Hello, World!

If I was walking down a street and saw you I would probably say “Hello”. I always find it interesting to see the different reactions from random strangers. Some are friendly, some are shy, and some completely ignore you.

What kind of person are you? Are you an open book? If you follow my blog you will begin to understand me.I love openness and honesty. However, like many others, I tend to be more reserved at first.

“Life is like a roller coaster: there are a lot of ups and downs, but in the end, it was a good ride.” ― Nate Klich

My life has had many ups and downs; a real life roller-coaster.

I was born on August 16th, 1985 in Orem, Utah. I made my entrance into the world the day my father had his graduating ceremony at Brigham Young University. A couple weeks later we moved to Seattle Washington. When I turned 5, we moved to Orange County, California.

I attended the same elementary, middle, and high school my mother attended. I never got into serious trouble as a teenager but I did tend to be mischievous from time to time. I would often sneak out at night – toilet papering friends or sneaking into the High School pool for a midnight swim. I enjoyed a good thrill. I jumped off beach piers, skateboarded down large hills, and went surfing as much as possible.

My constant search for the next thrill led me to break my collarbone 3 times in the course of 8 months. During this time I also had a hernia surgery. However, this was only the beginning of the roller-coaster that would encompass the next couple years of my life.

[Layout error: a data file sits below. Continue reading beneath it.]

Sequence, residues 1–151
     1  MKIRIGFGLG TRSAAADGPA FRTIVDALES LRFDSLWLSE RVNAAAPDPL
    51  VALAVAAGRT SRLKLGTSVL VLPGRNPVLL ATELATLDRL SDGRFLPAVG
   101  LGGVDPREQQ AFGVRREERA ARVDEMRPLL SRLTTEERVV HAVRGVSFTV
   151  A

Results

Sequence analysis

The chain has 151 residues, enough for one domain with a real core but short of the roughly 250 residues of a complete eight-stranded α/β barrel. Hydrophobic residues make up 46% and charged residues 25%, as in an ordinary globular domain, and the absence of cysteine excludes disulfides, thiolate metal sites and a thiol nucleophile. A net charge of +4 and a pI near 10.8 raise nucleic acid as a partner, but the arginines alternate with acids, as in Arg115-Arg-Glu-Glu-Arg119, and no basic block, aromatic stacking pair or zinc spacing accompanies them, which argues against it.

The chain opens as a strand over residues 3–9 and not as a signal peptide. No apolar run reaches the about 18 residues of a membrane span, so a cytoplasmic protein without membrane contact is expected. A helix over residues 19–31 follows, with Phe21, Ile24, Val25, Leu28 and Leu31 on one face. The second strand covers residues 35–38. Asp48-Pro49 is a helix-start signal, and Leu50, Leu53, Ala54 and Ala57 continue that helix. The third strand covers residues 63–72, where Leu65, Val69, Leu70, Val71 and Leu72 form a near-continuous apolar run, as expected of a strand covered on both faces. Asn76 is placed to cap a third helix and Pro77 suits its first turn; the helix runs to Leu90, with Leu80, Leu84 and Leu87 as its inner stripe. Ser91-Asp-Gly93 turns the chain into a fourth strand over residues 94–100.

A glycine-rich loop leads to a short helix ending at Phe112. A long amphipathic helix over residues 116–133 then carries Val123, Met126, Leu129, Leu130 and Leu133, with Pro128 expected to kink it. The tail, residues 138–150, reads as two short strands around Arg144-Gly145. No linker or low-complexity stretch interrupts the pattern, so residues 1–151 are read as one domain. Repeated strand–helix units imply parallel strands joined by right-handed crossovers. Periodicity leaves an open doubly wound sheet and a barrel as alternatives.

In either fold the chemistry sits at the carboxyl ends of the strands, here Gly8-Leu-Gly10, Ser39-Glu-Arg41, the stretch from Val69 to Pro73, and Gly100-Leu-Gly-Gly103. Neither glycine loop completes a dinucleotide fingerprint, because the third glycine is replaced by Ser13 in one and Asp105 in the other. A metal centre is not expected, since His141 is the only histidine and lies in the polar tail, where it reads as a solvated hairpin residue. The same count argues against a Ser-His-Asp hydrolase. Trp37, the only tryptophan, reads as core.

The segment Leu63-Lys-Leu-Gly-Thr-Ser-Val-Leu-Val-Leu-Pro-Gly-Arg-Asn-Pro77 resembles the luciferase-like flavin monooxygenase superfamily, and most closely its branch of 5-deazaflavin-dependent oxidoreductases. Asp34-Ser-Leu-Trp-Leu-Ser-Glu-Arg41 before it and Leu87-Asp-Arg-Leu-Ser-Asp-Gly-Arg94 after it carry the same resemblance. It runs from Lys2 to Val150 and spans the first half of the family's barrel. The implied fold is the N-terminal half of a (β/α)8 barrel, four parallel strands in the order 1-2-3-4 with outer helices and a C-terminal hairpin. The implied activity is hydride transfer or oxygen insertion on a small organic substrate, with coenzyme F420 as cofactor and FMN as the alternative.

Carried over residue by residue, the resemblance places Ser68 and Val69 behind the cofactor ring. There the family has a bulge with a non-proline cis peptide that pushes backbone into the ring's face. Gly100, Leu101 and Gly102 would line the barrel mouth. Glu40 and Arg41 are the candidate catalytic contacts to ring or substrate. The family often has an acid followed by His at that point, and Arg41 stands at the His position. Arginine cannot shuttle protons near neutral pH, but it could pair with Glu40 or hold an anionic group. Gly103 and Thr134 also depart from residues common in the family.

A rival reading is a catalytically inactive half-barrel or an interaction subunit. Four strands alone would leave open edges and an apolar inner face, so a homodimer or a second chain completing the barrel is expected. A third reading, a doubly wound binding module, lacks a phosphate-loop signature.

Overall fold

At 17 years old I started to have excruciating pain in my abdomen. The pain would keep me up through almost every hour of the night. The pain became so unbearable that I would reach out for any help I could find. My parents took me to the emergency room several times throughout my senior year of high school. Unfortunately, doctors didn’t seem to take me too seriously and the pain continued for about 6 months before being diagnosed.

When I graduated high school in 2003 I went with my family on a trip to Hawaii. I went surfing, flew in a stunt air plane, and met the friendly people in Waikiki. This was the dream vacation, but it seemed to end in a nightmare…

“Whoever said winning isn’t everything, never had to fight cancer.”

At the end of our trip my family boarded the airplane to fly home. Everyone was seated, the pre-flight safety demonstration was complete, and we were ready to take off. Something inside me felt uneasy. Unexpectedly, I whispered to my mom, “I don’t think I can make the flight home.” She tried to re-assure me that everything would be okay, but my body, mind, and heart were telling me it wouldn’t.

“There are only two ways to live your life. One is as though nothing is a miracle. The other is as though everything is a miracle.” ― Albert Einstein

A miracle happened. The pilot announced that the plane was having unexpected engine problems. Everyone had to leave the plane and find the next flight home. As soon as I got off the plane I began to have unimaginable pain. I ran to the restroom and vomited over and over again. I was rushed to the emergency room in Waikiki.

Shortly after my visit to the ER, I was diagnosed with stage III non-seminoma testicular cancer and blood clots. I spent the next 12-18 months fighting and overcoming cancer. I went through intense rounds of chemotherapy and a retroperitoneal lymph node dissection (RPLND).